The most interesting new apps for iOS and Android
Free air-matters.com/ iOS, Android
If you live in Australia in 2020, it’s suddenly become very important to have an app that lets you know how breathable the air outside is. I know, right? Technology has, of course, contributed to the world we’re now all living in, for both better and worse,
but at least with an app like Airmatters, we can keep on top of what we need to do to protect ourselves, especially as there have been several days in major cities lately were leaving the house without a mask has not been advised.
I tested out a few different apps, and Air Matters was the one that most clearly communicated exactly what I needed to know. It gives you the number and figures you’d expect but also makes very direct recommendations on whether you should leave the house,
whether an air purifier might be a good idea, and what sort of ventilation is recommended. It provides extensive data history and charts your surrounding areas easily. Grab it now and hope you won’t need it for a while.
Free www.aidungeon.io/start iOS, Android
While AIDungeon markets itself as a “game,” I think it belongs on these pages – it’s a narrative generator, and it’s going to appeal to audiences who avoid the “game” tab on the App Store. In AIDungeon,
you’re dropped into an AI-generated narrative after a few prompts and left to work your way through it, resolve it, or see it through. AI-generated text appears, and you can give simple commands or dialog to drive it forward.
I started up a detective story and after being shot decided to declare that it had all been a dream – which, shockingly, the story went along with, and things continued in the waking world.
While it often feels like the stories are trying to bend back to normalcy when you try to drive them too far off the rails, it’s still fascinating how genuinely reactive the system feels to your word choices. AIDungeon is a lot of fun to mess around with – you’re not going to tell the next iconic story, but you might find yourself surprisingly engaged.
Nighthawk for Twitter
$5.99 N/A iOS, Android
Twitter is important, but not very good, and is at least partly responsible for the terrible shape of the world. Nighthawk poses an important question – what if Twitter was, for some reason, worse?
Nighthawk’s big thing is that it allows you to filter out certain topics, but, weirdly, the list of filters is extremely short and specific right now. Is it worth paying $5.99 for a version of Twitter that does not let you track threads or add images to your tweets if, in exchange,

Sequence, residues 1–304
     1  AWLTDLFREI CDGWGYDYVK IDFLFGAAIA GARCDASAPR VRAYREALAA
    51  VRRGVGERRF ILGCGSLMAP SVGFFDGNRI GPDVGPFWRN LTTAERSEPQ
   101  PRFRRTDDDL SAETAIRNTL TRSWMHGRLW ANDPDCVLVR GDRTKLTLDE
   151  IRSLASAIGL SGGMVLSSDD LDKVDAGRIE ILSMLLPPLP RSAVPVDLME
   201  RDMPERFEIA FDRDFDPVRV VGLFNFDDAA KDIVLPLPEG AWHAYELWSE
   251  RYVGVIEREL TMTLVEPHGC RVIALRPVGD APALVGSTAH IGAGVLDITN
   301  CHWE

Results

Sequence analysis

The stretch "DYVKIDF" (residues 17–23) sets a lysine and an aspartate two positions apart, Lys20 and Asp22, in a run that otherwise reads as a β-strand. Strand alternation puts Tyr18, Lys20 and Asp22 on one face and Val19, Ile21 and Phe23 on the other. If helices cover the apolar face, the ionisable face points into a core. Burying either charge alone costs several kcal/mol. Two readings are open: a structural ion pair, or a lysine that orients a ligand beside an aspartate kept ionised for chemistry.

you can disable all mentions of US politics, StarWarsspoilers, and, uh, jokes about doctors being on planes? Is it comforting knowing that you can cut out all retweets from your feed,
but also won’t be able to be an extremely limited app, one that charges you $6 for a less convenient experience? You can also add a ‘Close Friends’ feed,
which is theoretically a nice idea – but then, that’s what Twitter’s in-built “list” function is for. There’s no benefit to using Nighthawk for your tweeting.
$4.49 tokotoko.io/ iOS, Android
TokoToko is an AR app clearly made with kids in mind, but it still holds a certain appeal as an adult. It tells simple little stories with a variety of cute beings that you interact with through drawings – you might be asked to draw a door through which action can happen or draw a flower and hand it to a character.
You need to play on a large flat surface, and when everything is going well it’s a lovely, cute experience. But actually getting everything to work properly can be a challenge, I found – early on – I had a very hard time handling the flower I had drawn to the little dude on my screen, and this issue persisted.
This will no doubt frustrate the kids who are the game’s target audience, and the app sometimes translated my drawings into weird AR objects that didn’t quite look right. On the other hand, drawing a door and then seeing a little critter climbing up a ladder on the other side of it is a delight.
Free davidsdisposable.app iOS
Nostalgia can be a powerful tool. This app – created by a 23-year-old YouTuber I’ve never heard of, who is, I think, too young to be as nostalgic for disposable cameras as I am at 32 – absolutely nails its brief.
It catapults you right back to the late 90s/early 2000s when you’d carry around a limited-shot disposable camera, lining `up shots with the tiny viewfinder and excitedly wondering what they’d look like when they’re ready.
The real genius of this app is that you need to wait for the photos, and they’ll only become available to you at 9 am the day after you shoot them, as though you had to take the film in to be developed. Is that a bit of a silly gimmick? Yes.
Did it charm me, absolutely and completely? Also yes. The app is free with some mild ad support, which you can get rid of by spending $1.49. This app is exactly what it should be – fun, silly, and ultimately disposable.
Free N/A iOS, Android
Earth Now is not a new app – it’s a few years since it even received an update – but it sure is an app for 2020.
This NASA app tracks weather and events around the earth in real-time, letting you track disasters, heat waves, sea-level changes, ozone effects, and more.
Turning on the air temperature chart and seeing Australia turn an angry red, or tracking the fires that are happening in the country (and in other parts of the world, as it turns out) might be stressful, but it’s important too.
You can also track the paths of satellites moving around the earth, which is a bit more fun or just marvel at changing cloud patterns.
Of course, keeping on top of world events generally means keeping up with the news and current affairs, but it’s hard not to be a bit enchanted by interacting with a live, ever-changing globe. After a few uses, I felt a bit more connected to what’s happening not just in Australia, but around the world.